Keep your security fresh

There may be a large-scale answer to some of this soon: in data security, smart people are working overtime to plug the holes in the Grand Network of Stuff. In the interim, however, simple information security should enough to keep you out of a criminal conspiracy with your Bluetooth-enabled blender.

Switch up your passwords. Make sure nothing’s on default.Click To Tweet

And keep an eye on that Tivo of yours. Looks shifty.

#WatchYourBots

Matt Salter is a writer and former fundraising and communications officer for nonprofit organizations, including Volunteers of America and PICO National Network. He’s excited to put his knowledge of fundraising, marketing, and all things digital to work for your reading enjoyment. When not writing about himself in the third person, Matt enjoys horror movies and tabletop gaming, and can usually be found somewhere in the DFW Metroplex with WiFi and a good all-day breakfast.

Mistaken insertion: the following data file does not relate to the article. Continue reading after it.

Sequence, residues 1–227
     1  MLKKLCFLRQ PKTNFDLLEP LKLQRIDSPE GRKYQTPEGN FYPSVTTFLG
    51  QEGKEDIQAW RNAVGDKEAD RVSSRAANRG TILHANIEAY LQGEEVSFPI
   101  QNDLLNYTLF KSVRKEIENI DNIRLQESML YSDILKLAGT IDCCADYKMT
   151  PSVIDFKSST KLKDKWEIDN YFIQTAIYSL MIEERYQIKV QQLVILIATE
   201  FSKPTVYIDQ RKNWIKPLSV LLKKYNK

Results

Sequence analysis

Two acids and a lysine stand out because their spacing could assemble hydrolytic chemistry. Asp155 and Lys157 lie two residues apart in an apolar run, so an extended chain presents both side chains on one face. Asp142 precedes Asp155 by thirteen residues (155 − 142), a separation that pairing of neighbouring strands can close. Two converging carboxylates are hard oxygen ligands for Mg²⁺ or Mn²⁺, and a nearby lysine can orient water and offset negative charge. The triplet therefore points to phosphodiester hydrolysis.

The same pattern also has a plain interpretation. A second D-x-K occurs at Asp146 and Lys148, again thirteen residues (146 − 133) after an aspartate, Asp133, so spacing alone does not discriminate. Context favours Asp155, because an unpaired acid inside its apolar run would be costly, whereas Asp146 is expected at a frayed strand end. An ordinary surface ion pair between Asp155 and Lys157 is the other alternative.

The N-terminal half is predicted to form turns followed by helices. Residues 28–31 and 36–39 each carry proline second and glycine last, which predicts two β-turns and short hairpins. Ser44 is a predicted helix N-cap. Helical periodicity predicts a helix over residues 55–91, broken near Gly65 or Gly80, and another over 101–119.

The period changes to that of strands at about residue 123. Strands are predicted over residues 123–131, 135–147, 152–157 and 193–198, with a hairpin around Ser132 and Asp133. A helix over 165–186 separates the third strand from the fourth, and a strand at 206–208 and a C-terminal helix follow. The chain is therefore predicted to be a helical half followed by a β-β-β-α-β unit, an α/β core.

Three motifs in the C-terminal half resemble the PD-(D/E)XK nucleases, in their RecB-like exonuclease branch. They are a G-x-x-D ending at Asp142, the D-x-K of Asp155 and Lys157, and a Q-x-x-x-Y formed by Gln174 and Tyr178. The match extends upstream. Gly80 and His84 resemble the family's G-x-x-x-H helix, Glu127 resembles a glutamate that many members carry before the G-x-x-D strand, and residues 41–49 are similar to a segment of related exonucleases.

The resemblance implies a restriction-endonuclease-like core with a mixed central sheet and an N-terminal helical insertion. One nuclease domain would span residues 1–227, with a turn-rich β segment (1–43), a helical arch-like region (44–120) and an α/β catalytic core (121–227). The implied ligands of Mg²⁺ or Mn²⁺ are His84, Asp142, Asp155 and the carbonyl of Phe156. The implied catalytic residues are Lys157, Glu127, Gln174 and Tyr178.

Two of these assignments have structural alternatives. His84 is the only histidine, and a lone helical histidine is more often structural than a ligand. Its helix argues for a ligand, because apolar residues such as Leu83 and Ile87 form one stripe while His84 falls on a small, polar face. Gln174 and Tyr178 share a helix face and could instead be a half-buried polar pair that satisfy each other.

Real Estate Technology

New tool translates your phone calls into 29 languages – LIVE

(REAL ESTATE TECHNOLOGY) There’s no need for a language to language dictionary any longer. A lingvanex tool allows for real-time translation on phone calls in different languages.

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lingvanex translates in real time

If you’ve read a few things that I’ve written on here, you know that I often marvel at how far remote work has come. The fact that I write this as my dog sits beside me is no small feat.